Vehicle crashes have long been the leading cause of death for teenagers, but the number has dropped by about half in the past decade as fewer teens seek driver’s licenses and there are state restrictions on those who do.
An analysis by the Governors Highway Safety Association found that from 2005 to 2014, car-crash deaths among people ages 15 to 20 declined 51 percent and serious injuries were down 59 percent. The number of crashes in which a teen driver was at the wheel dropped 48 percent, from 7,500 in 2005 to 3,885 in 2014.
The long-standing difference between fatal teen crashes and those by older people has narrowed by 65 percent in the same period.
The study, set to be released Wednesday, came with a caveat. The first six months of 2016 saw a 10 percent increase in roadway deaths over last year, as the nation continues to recover from the recession and number of miles driven by car has increased.
Teenagers have not been immune to that uptick. The most recent reminder came late Saturday, when Vermont police tried to intercept the 36-year old driver of a Toyota pickup truck that was roaring down Interstate 89 on the wrong side of the road. Before they could, the truck smashed into a carload of teenagers, killing four 16-year-olds and one 15-year-old.
“The increase in teen driver fatal crashes is concerning and states are keeping a watchful eye to see if this is the start of a reversal in the gains we’ve made over the past decade,” said Jonathan Adkins, executive director of the GHSA. “We need to continue to support effective public policies that address this issue.”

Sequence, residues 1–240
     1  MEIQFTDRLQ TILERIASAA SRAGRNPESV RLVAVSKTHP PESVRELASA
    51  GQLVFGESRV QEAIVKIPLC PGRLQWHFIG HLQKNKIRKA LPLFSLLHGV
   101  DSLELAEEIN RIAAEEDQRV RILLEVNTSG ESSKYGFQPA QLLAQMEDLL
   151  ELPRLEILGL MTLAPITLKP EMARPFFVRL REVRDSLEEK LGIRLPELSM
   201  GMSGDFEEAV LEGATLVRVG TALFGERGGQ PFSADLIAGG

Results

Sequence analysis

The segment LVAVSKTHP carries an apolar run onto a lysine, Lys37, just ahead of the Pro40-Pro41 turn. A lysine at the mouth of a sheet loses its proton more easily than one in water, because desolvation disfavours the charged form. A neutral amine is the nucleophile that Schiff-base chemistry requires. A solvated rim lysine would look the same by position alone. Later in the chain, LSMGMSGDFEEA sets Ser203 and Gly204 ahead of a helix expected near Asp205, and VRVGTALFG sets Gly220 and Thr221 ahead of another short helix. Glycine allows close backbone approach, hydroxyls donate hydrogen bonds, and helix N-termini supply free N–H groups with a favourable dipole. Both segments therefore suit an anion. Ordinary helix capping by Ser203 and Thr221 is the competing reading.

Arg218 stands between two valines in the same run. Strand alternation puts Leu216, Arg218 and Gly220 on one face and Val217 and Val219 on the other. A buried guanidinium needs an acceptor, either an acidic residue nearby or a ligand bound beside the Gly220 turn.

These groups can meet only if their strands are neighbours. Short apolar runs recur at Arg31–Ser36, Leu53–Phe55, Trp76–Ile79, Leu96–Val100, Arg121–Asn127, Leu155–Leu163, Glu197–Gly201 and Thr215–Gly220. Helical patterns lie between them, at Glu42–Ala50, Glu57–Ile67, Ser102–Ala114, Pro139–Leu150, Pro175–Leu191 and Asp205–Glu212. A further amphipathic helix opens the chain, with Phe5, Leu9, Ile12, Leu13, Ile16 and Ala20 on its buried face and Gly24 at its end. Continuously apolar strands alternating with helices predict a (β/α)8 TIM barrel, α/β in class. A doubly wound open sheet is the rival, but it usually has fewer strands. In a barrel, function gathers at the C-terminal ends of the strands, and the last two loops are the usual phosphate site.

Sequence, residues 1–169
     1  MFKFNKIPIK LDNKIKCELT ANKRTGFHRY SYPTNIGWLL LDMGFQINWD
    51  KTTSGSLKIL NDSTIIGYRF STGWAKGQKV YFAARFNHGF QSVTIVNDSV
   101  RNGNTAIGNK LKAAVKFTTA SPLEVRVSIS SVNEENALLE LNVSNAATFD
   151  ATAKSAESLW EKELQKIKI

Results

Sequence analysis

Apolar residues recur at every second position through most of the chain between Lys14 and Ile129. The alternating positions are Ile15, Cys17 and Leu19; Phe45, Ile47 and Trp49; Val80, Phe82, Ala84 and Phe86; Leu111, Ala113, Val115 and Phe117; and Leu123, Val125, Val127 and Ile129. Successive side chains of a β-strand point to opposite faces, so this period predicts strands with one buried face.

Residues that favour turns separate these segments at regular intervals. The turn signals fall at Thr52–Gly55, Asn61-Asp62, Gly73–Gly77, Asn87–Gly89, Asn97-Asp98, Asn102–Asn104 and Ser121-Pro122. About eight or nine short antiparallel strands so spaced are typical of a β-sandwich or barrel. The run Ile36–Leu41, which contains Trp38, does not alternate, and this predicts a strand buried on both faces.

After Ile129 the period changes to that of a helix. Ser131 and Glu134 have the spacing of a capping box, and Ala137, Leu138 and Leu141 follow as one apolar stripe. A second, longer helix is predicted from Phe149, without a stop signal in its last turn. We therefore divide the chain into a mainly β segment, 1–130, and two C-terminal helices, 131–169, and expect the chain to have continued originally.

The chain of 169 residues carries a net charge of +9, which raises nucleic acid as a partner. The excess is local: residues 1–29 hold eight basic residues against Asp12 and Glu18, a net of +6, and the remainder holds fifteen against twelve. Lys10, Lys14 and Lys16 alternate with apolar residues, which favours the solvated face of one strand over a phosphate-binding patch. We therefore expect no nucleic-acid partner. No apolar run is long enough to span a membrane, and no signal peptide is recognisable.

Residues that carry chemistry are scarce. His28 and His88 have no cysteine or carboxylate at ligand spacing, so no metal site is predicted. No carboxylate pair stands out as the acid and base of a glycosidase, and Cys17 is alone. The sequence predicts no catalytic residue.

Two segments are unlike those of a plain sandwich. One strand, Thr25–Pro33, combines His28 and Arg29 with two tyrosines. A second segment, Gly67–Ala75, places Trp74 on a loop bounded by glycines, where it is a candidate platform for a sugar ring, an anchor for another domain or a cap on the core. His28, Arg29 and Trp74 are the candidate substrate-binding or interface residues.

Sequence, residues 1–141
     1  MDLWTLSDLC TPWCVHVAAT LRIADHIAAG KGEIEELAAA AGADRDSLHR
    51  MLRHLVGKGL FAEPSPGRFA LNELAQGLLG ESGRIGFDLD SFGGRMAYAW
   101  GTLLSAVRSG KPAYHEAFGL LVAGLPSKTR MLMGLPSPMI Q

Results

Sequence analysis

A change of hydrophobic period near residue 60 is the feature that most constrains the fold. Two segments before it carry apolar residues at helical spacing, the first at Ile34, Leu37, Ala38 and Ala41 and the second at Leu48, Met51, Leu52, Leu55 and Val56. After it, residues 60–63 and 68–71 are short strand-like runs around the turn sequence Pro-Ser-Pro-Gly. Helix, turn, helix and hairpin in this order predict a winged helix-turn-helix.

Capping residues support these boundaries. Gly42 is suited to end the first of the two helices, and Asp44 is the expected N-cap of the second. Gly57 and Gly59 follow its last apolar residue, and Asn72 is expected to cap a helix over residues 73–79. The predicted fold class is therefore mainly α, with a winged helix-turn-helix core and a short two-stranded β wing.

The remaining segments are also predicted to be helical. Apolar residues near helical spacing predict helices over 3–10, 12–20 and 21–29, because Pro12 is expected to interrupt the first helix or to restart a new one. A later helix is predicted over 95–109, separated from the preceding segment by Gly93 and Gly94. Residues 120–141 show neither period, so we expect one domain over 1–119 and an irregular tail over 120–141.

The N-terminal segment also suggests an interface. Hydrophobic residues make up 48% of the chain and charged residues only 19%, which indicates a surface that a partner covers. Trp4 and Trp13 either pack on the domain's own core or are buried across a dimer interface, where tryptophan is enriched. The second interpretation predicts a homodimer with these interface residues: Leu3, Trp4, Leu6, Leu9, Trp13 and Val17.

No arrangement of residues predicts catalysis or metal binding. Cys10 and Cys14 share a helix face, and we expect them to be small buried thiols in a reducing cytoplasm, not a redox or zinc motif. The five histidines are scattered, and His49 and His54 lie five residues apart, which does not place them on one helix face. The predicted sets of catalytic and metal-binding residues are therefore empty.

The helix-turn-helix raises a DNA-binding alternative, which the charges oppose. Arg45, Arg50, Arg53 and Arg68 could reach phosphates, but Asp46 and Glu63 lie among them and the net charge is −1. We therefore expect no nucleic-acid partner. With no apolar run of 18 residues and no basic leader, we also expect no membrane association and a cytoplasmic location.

Car crashes remain the leading cause of death among teenagers, who are less likely to fall victim to many of the maladies suffered by those in older age groups. Using a slightly different age frame — people ages 16 to 19 — the Centers for Disease Control and Prevention said that in 2013, car crashes resulted in 2,163 teen fatalities and sent 243,243 teenagers to emergency rooms.
The decline in teenage deaths during the study period is attributed, in part, to the graduated driver licensing (GDL) programs put in place by state legislatures. The specifics vary from state to state, but in general the laws create a three-phase program of restrictions as teenagers become familiar with driving.
Some of the most common are bans on cellphone use, and restrictions on nighttime driving and passengers that young drivers may carry. The GDL program has been credited with a reduction of up to 30 percent in teen driving risk. In most states, the driving restrictions expire when a teen turns 18.
Pam Fischer, a consultant on teen driving issues, said another explanation for the drop is that 1 in 3 teens have delayed seeking a driver’s license.
“That means that once they do obtain a driver’s license, they’re not reaping the benefits of graduated driver licensing,” Fischer said. “Policymakers need to understand that reaching age 18 doesn’t necessarily equate to mental maturity — which is critical for safe driving.”
The GHSA report says there is a common perception that teen crashes result from their risky behavior, but in most cases they are caused by simple driver error. It says that teenagers aren’t necessarily bad drivers, “they simply do not have the skills or experience to anticipate or recognize a hazard and take corrective action.” The report recommends that GDL programs be expanded to all drivers younger than 21.